How to Make Holes in Slingback Shoes

Updated April 17, 2017

The slingback shoes elegant straps are meant to grace the ankle and heel of the foot, but often the straps are too long and slip off the heel, causing uncomfortable walking and requiring regular adjustment. Adding another hole or two to the strap prevents the slippage and makes the shoes much more comfortable.

Choose a tool for your hole application. The awl is a traditional shoemaker's tool shaped like a geometry protractor used for the express purpose of making holes in items such as shoe straps, belts and purses. The awl leaves a clean hole, without the jagged line left by household items. An actual protractor may be used in substitution for an awl.??Another "tool" that will make an additional hole in your slingback shoe is a thin drill bit. Hold your different sized bits to the holes already in the straps to find the correct size. If the hole made is too large, you risk breaking the strap off entirely. ?Scissors are not recommended for slingback shoes, as you might pierce a large hole, or slice through the strap entirely.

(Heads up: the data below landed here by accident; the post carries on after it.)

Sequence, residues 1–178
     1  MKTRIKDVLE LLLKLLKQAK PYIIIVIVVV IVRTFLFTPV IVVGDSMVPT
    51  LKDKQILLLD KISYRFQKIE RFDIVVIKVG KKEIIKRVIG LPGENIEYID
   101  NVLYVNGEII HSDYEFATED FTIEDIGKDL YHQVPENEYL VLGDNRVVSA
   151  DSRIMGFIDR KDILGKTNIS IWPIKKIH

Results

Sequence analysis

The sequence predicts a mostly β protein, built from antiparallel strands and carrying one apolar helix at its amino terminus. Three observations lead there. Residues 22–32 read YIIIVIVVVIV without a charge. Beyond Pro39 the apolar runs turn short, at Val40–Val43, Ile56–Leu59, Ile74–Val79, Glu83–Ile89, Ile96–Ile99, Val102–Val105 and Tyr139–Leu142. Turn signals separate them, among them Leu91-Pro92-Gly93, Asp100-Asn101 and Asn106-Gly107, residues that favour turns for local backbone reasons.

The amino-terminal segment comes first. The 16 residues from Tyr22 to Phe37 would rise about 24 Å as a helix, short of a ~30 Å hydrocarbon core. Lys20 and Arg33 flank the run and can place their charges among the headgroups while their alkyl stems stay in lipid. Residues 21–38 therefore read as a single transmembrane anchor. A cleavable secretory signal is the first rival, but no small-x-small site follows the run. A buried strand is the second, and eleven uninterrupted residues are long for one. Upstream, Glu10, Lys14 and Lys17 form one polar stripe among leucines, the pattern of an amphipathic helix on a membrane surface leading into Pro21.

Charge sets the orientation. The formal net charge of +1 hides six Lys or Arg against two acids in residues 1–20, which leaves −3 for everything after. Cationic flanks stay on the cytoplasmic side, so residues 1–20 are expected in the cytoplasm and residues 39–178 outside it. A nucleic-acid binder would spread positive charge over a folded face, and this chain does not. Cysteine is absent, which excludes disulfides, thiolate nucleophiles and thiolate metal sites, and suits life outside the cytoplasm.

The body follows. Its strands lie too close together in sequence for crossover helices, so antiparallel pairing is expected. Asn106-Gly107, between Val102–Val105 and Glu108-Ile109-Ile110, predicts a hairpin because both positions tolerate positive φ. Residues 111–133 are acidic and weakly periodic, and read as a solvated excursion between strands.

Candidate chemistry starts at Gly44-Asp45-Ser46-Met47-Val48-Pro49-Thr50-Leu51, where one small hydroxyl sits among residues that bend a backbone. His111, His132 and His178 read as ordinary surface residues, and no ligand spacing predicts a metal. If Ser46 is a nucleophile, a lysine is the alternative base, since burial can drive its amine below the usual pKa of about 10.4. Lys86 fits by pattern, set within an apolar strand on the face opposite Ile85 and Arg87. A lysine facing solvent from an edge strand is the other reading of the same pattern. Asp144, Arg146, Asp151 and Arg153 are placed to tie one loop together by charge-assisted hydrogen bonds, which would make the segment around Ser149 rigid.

Wipe off the shoe. Take a lint-free cloth and wipe down the shoe, to ensure a clean working surface.

Measure and mark the hole location. Using a tape measure or ruler, measure and record the distance between the other holes in the strap. If you are seeking a more precise fit than the distance between the holes, thread the strap through the buckle and make an indention where the hole should go.

Pierce the new hole. Slowly apply pressure to the marked location with your designated tool until the material gives and a small hole is created.

Test the new hole location. Thread the strap through the buckle and buckle the shoe. Walk around in your slingback shoes to ensure the correct fit.

Things You'll Need

  • Awl, protractor or thin drill bit
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About the Author

Veronica Maier has been an active online writer since 2010. She has been a contributing writer to eHow and Answerbag. Maier holds a Bachelor of Arts in art history and visual culture with an emphasis on the American modern from the University of California, Santa Cruz.